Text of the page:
Innovation and Creativity in Organisations

The last two months have been very busy from an MBA perspective – in addition to studying three content-heavy modules, I’ve also undertaken the group assignment for Innovation & Creativity, plus written my project proposal (hence the lack of blog posts recently!). However, the latter two have been submitted now, and I’m currently in the process of writing the TMAs and studying the final few lessons for all three modules, before starting the assignments. In a previous post I’ve outlined the Strategic Advantage and Strategic Marketing modules, so I’ll now share an overview of Innovation & Creativity in Organisations.

Innovation & Creativity in Organisations

The module started by defining Innovation as “Creativity + Commercialisation”, and classifying innovation in different ways, such as:

  • Business Model vs. Technology innovation
  • Incremental, Semi-Radical and Radical innovation
  • Product, Service, Process or Technology innovation

Although the above are straightforward categorisations, they did prompt me to question my own perceptions of innovation, particularly around what is true innovation vs. standard product evolution. We also looked at some whitepapers that discuss how innovation affects other business issues such as competitiveness and ethical behaviour. The next few lessons then discussed in more detail how innovation can bring returns to an organisation, as well as the wider social and global groups, and explored how different countries/regions treat innovation – for example, some take a focussed approach (eg. innovation ‘parks’), others attempt to leverage scale economies, and others embed innovation into large country-wide ecosystems (see here for the whitepaper on this).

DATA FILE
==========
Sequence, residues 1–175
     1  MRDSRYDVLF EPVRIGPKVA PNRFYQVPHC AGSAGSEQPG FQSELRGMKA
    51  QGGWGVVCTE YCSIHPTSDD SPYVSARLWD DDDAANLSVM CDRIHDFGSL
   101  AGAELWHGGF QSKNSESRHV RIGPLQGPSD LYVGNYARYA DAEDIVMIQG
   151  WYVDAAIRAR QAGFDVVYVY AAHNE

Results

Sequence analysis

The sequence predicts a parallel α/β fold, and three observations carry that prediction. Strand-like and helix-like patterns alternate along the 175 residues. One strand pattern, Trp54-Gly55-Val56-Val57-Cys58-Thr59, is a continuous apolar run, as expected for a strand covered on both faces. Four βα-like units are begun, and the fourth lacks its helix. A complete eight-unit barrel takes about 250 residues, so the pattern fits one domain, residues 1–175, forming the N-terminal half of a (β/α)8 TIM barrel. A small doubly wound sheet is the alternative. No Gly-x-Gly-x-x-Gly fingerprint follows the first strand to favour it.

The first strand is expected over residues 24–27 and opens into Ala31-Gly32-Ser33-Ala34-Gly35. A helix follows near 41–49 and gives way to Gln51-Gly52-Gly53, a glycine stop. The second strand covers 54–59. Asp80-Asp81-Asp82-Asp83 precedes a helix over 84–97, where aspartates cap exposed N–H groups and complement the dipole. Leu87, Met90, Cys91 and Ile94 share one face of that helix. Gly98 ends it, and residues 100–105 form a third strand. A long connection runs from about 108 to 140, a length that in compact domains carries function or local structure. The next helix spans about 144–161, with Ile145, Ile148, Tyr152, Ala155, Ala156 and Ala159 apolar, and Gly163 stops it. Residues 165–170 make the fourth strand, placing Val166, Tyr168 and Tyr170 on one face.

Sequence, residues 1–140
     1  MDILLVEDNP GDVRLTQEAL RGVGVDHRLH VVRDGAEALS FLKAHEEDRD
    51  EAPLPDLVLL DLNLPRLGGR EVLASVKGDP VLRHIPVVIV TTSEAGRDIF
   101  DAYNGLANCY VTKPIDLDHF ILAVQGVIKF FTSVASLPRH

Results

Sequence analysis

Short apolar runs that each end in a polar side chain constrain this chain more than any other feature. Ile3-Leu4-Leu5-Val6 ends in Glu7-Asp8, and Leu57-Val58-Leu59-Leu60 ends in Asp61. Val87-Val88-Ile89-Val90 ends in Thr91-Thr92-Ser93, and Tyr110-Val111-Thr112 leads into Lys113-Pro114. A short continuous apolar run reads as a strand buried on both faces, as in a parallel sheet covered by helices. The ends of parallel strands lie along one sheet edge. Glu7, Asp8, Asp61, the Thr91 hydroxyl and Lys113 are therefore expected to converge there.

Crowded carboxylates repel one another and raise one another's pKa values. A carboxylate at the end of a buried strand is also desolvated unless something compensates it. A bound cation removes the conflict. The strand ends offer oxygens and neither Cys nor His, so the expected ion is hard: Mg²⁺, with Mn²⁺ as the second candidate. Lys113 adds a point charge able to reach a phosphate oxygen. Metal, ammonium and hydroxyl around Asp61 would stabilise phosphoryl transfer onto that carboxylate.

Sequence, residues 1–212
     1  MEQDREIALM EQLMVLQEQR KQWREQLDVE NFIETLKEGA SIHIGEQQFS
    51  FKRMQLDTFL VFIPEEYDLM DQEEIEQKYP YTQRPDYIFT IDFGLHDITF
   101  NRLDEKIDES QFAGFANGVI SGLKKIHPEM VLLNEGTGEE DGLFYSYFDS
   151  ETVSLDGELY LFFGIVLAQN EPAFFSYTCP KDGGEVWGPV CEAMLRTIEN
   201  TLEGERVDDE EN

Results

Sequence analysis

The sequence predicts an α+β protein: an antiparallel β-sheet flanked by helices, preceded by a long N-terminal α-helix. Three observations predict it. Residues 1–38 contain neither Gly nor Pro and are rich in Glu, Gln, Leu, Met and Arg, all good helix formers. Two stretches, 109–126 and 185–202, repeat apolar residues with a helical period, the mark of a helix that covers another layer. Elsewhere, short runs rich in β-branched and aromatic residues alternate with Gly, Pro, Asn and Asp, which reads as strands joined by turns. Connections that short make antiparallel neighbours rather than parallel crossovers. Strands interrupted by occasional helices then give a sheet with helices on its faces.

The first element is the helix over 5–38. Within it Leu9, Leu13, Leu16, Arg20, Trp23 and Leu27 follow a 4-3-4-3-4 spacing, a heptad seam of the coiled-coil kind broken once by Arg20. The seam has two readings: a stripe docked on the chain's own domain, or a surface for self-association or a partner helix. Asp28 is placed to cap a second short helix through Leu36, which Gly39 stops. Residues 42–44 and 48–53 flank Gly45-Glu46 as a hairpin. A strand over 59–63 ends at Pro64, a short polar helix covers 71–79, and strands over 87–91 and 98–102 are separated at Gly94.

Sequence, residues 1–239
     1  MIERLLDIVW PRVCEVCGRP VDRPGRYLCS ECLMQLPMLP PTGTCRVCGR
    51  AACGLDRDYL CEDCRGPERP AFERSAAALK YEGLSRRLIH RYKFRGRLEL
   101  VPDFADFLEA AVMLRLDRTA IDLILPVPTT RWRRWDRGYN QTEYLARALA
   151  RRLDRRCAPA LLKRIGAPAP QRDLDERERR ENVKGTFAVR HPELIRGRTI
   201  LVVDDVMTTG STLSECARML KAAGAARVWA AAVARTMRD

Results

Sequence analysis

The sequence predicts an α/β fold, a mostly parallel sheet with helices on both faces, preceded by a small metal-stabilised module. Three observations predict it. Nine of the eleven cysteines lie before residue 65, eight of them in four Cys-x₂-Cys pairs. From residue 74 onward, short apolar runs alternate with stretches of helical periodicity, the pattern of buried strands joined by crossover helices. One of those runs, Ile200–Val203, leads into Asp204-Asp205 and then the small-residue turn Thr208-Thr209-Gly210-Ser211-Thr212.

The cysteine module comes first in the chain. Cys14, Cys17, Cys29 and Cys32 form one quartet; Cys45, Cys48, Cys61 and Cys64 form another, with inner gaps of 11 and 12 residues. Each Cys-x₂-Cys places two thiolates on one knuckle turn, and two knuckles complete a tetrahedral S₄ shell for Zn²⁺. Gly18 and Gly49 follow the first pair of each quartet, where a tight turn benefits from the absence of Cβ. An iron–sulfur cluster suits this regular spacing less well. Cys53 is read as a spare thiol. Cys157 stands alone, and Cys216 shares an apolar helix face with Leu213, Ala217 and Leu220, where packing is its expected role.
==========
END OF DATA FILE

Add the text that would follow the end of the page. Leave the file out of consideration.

Making Innovation WorkThe first few lessons were supported by set reading from the book “Making Innovation Work“, which is very different to most of the previous modules’ textbooks. It is written as a business book rather than an academic book, and hence is far easier to read and comprehend; I’d definitely recommend it to those interested in leveraging innovation in their own organisations. We were also directed to read a number of whitepapers for each lesson – a similar distinction appears here, with some being academic research whitepapers in excess of 20 pages, whereas others were more succinct, practical articles from journals like the Harvard Business Review.

Following the initial introduction to Innovation, we moved to the more abstract topic of Creativity. There was some initial reading from the above textbook, to explore how an organisation can cultivate creativity in individuals, and we were also referred to the book, “Times Present”. The target audience for this is photographers, but it was included in the set reading to encourage us to think about business scenarios in a more creative manner. The lessons looked at the psychological aspects of creativity as well as how to encourage creativity in a group environment. A topic that I found particularly interesting was Blue Ocean strategy, which suggests that organisations should look for uncontested market space instead of just competing head-to-head in current markets, and provides some useful concepts to support the identification of such markets.